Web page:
Combining arts & engineering: NEXUS hosts student open house

The Virginia A. Myers NEXUS of Engineering and the Arts uniquely approaches a collaboration between the two areas through student support and opportunity. NEXUS hosted its first open house to showcase student work, an initiative that the program hopes to continue annually.

A+hand+made+bike+is+seen+during+the+Nexus+Open+House+at+the+Seamans+Center+in+Iowa+City+on+Wednesday%2C+April+24%2C+2019.+During+the+event%2C+students+presented+projects+that+combined+art+and+engineering.+
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Combining arts & engineering: NEXUS hosts student open house

A hand made bike is seen during the Nexus Open House at the Seamans Center in Iowa City on Wednesday, April 24, 2019. During the event, students presented projects that combined art and engineering.

A hand made bike is seen during the Nexus Open House at the Seamans Center in Iowa City on Wednesday, April 24, 2019. During the event, students presented projects that combined art and engineering.

Wyatt Dlouhy

A hand made bike is seen during the Nexus Open House at the Seamans Center in Iowa City on Wednesday, April 24, 2019. During the event, students presented projects that combined art and engineering.

Wyatt Dlouhy

Wyatt Dlouhy

A hand made bike is seen during the Nexus Open House at the Seamans Center in Iowa City on Wednesday, April 24, 2019. During the event, students presented projects that combined art and engineering.

Kinsey Phipps, News Reporter

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A pioneer in the arts and engineering, Virginia A. Myers had a vision to combine the two for the benefit of students in Iowa City. In 2015, the Virginia A. Myers NEXUS of Engineering and the Arts was born.

For the first time, the NEXUS presented an open house on April 24 showcasing student work.

“We’d like to enlarge this idea of collaborations between arts and engineering. It will benefit everyone,” NEXUS program manager Deanne Wortman said. “We’re unique, and we should celebrate that.”

There were five displays: a handmade student-bike parade; kinetic interactive-wall installations; “Crash Dance,” including research on driverless cars and the UI Dance Department; a global sustainability mural; and a composition of music using brain waves, Wortman said.

“It’s valuable for everybody because it allows all who participate to widen their perspectives, ask better questions, and therefore come up with better answers,” Wortman said.

The handmade student-bike parade was a collaboration with the UI School of Art and Art History, which involved a parade from the Visual Arts Building to the John Deere Plaza at Seamans. A mural was painted in the Office of Sustainability about global-water issues.

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Three teams of senior electronic engineers each created viewer-animated wall installations. Senior Katie O’Hearn and Mirela Kapo worked on a motion-sensor screen monitor that incorporated visual lines around viewers. When someone moved, the lines moved.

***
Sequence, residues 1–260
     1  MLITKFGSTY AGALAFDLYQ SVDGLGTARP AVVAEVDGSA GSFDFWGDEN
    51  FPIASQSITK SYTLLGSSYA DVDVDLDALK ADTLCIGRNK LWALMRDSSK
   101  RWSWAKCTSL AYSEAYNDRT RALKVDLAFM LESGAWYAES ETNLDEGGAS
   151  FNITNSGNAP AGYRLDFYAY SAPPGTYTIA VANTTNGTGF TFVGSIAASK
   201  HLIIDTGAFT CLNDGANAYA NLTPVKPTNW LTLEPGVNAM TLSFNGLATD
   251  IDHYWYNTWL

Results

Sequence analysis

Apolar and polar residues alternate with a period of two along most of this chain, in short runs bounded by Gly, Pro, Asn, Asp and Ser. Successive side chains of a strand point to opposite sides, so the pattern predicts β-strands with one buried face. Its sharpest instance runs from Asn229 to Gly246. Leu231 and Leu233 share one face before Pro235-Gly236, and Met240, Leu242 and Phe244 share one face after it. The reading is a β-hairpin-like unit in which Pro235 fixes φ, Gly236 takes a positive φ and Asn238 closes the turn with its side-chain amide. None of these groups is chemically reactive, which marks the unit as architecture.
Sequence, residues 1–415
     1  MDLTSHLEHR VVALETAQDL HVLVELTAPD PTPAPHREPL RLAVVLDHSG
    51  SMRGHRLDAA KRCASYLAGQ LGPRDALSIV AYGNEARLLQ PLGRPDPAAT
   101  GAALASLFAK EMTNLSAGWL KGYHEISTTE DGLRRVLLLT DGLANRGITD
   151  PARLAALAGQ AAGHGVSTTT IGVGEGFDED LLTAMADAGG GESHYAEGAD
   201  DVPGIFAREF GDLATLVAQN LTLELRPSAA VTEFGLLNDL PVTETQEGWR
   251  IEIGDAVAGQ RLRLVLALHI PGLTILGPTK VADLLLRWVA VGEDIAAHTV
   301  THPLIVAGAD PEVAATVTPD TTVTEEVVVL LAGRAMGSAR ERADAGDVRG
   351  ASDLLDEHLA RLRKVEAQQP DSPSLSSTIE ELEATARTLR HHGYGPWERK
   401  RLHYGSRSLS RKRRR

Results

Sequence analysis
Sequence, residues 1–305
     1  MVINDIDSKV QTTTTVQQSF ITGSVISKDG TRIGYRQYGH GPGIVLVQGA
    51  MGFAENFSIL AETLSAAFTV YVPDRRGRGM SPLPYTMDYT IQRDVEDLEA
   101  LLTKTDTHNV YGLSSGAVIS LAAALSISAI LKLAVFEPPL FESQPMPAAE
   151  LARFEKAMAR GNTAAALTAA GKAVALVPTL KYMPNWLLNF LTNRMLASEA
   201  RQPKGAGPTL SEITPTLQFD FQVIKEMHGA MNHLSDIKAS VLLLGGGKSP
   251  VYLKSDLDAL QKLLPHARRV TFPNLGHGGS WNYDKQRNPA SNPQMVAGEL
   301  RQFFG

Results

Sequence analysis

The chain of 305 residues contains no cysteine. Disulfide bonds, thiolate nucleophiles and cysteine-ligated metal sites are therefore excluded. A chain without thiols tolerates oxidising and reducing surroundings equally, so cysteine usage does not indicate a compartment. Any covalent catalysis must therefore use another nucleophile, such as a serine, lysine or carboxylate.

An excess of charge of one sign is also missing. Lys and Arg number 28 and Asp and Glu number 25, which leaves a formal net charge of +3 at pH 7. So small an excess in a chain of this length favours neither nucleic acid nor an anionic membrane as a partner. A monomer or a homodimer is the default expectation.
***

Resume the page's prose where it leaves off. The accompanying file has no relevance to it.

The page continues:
“The idea we were given was an art piece incorporating different engineering and interaction aspects,” O’Hearn said. “The general aim of this project was to show how to incorporate art in engineering. It’s great exposure.”

Kapo was eager to show off the finished product after a semester of troubleshooting and creativity.

“I would encourage all engineering students to try art,” Kapo said. “Engineering is art because by thinking creatively, you can troubleshoot. It completes you.”

“Crash Dance” was inspired by research occurring in the College of Engineering with the National Advanced Driving Simulator about driverless cars. Dance Assistant Professor Christopher-Rasheem McMillan created a performance with 15 dancers moving around without crashing into one another, Wortman said.

Jason Snell, a graduate of the UI, used an EEG and EKG to read his body rhythms and compose music with his mind. Poster displays, refreshments, a deconstructed piano, and puzzles were featured and open for viewers in the NEXUS studio.

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NEXUS hopes to make this event happen annually and to encourage more engineering students to get involved in the arts, Wortman said. A big challenge is many students don’t know there are creative opportunities in the engineering field. NEXUS hopes to change that.

“The strictly technological solution is not always the best for human beings,” Wortman said. “It humanizes and widens the perspectives of engineers when they go out and make a new world for the rest of us. These students can continue to enjoy the whole range of opportunities. We care about these students having full and productive lives when they leave here.”

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